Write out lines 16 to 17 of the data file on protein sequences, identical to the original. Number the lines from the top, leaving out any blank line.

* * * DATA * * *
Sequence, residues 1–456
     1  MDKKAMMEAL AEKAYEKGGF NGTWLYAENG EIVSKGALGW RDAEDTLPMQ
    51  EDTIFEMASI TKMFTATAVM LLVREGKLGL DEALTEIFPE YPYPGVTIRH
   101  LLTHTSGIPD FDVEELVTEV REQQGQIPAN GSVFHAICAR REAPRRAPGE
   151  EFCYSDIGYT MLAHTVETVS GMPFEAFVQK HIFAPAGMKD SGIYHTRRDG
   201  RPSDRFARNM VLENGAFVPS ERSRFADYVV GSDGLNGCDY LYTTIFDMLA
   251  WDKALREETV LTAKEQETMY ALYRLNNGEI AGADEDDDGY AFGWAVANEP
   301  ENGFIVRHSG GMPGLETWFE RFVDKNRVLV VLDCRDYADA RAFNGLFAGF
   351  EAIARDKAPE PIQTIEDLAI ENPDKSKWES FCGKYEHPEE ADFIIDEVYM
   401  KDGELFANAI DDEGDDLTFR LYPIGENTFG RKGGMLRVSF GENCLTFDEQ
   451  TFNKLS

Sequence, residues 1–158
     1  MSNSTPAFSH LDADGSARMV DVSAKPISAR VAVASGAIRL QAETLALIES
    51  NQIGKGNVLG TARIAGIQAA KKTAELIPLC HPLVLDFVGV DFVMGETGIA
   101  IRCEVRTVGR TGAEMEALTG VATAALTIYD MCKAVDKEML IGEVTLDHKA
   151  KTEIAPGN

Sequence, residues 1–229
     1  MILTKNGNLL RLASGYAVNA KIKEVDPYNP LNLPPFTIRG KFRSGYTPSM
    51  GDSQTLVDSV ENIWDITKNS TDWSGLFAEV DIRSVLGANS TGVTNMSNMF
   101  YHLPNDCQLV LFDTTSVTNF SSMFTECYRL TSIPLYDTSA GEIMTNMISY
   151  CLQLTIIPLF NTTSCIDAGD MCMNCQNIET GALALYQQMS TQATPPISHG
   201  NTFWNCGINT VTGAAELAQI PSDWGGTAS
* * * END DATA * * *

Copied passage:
   151  KTEIAPGN

Sequence, residues 1–229